ALISON HILDRETH High Street Gallery

ALISON HILDRETH Congress Street Gallery

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Making art is my journal, a record of what compels and absorbs me. It is a method of questioning, investigating and discovering. The moment when things come into focus, as through daily experience or ideas or emotions, these things enter a tunnel and coalesce into made objects. In the process of creating I feel most alive in myself in a conscious way. Virginia Wolfe called this experience "Moments of Being," when words start to come together in her writing, "that behind the cotton wool is a pattern; that we--I mean all human beings--are connected with this..."

The theme of connectedness, an imprint we carry from generation to generation, also holds within it fears of disconnection, remarked upon by many current writers and poets, i.e., Octavio Paz: "The path the ancients cleared has closed."; Margaret Atwood: "The soft, dark languages are being silenced." The language that is eating the others is now our new digital voice. These concerns and cross currents are reflected in my work. I use many images as metaphors, some of which are vessels or containers which are wrapped, confined, at times overflowing with fluids that spill out.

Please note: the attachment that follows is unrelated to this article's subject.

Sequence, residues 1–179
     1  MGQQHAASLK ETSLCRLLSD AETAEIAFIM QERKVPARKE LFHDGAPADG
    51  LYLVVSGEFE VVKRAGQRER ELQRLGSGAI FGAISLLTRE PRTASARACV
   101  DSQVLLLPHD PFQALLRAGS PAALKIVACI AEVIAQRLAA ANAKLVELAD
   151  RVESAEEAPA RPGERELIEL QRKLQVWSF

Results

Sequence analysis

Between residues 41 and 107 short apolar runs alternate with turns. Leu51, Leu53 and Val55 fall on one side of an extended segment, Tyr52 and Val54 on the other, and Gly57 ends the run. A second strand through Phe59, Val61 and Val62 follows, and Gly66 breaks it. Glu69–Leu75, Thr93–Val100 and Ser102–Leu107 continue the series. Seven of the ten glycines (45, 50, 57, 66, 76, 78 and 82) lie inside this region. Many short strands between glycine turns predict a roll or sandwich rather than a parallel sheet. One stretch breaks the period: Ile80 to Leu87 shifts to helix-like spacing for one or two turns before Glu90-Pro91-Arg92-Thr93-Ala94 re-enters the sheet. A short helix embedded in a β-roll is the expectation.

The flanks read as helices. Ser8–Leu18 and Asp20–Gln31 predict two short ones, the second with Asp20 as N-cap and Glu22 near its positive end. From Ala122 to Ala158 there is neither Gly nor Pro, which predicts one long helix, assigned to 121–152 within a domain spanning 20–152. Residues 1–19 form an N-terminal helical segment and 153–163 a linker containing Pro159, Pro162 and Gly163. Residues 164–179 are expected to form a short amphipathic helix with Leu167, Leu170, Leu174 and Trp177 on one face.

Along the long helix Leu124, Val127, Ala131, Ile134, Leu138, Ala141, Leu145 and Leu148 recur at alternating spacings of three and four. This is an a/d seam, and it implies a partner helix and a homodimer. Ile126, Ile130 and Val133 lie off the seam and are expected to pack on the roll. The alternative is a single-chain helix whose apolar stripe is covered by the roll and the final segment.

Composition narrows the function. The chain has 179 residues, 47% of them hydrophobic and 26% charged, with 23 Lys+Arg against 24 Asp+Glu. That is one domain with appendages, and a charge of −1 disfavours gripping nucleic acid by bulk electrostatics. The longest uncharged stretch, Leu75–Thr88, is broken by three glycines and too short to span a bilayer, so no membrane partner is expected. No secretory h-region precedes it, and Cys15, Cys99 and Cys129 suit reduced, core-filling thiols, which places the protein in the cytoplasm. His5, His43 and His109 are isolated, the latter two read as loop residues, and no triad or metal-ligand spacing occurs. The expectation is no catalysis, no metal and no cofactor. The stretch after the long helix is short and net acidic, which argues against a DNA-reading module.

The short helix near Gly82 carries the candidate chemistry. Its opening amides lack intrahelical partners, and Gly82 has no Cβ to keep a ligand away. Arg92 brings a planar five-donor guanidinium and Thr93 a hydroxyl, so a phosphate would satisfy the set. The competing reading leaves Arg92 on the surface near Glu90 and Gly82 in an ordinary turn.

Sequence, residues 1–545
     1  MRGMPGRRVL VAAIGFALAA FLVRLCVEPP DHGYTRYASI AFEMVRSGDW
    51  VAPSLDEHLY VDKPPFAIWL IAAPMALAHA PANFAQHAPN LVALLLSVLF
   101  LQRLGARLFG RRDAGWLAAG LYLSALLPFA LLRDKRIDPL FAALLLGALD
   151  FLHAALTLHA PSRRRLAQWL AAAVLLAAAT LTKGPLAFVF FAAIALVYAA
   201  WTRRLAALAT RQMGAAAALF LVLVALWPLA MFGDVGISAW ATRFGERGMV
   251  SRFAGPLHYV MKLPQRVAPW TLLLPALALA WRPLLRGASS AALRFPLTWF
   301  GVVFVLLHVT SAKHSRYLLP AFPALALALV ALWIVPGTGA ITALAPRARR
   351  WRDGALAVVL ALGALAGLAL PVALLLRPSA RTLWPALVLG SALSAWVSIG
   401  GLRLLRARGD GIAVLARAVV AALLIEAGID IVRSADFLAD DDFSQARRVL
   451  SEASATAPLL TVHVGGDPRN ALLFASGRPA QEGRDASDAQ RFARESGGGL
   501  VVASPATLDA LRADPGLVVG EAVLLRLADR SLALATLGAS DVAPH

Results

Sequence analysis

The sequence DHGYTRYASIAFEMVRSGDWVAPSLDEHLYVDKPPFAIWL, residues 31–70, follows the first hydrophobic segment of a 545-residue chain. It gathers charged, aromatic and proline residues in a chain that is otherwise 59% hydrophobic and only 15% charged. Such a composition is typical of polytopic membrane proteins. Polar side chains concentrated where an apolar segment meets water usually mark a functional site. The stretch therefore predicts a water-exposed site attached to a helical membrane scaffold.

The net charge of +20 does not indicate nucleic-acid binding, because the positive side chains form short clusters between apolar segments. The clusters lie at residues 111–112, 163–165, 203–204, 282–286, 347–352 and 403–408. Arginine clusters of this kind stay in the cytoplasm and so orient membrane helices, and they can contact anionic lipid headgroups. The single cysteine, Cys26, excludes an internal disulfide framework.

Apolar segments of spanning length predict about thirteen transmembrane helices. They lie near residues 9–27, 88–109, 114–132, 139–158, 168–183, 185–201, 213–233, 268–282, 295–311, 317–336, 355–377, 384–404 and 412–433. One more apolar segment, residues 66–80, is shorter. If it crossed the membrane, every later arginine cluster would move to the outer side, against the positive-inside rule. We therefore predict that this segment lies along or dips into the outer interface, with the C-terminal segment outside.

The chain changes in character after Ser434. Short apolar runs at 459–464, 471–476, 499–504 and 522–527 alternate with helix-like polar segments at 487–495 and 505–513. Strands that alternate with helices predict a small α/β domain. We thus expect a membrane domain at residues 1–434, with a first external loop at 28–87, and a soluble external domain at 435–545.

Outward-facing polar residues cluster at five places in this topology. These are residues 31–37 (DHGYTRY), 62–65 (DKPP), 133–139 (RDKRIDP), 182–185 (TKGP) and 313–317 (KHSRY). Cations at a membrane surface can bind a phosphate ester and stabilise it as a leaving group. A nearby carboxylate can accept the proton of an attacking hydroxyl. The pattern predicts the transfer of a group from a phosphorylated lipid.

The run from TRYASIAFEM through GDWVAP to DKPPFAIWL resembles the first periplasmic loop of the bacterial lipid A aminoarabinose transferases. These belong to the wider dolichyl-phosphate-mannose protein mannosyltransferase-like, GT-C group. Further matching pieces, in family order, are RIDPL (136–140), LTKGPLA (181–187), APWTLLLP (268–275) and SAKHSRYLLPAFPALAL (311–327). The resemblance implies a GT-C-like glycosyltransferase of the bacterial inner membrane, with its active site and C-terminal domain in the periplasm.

Excerpted Maine Sunday Telegram review by Philip Isaacson

HILDRETH PROVOCATIVE, AS EVER

Alison Hildreth's "Forthrights and Meanders" at June Fitzpatrick MECA provokes a search for the artist's inner thoughts. This is not unusual for work shown at that gallery.

"Provoke" is the right word. There is always a narrative behind Hildreth's work; there's a story that one feels he should be able to identify and could do so if only one had read more deeply, thought more deeply or somehow was more sensitive. One senses that there are literary allusions in the ink-and-wash drawings in this show and, indeed, I have been told that its title is borrowed from "The Tempest."

The work has an ephemeral quality, as though the artist did not intend it to have a long life. It suggests itself as notations or thoughts committed to long sheets of fragile Japanese paper that are offered as elemental guides for our own journeys and once understood could be discarded.

If asked to, I could find old fortifications, the routes of rivers and excavated cities in my meanderings among the drawings. I could also find reports on astronomy, botany and creatures that exist in the sea. I suspect, however, that Hildreth expects more of me.

Alison Hildreth resume www.alisonhildreth.com

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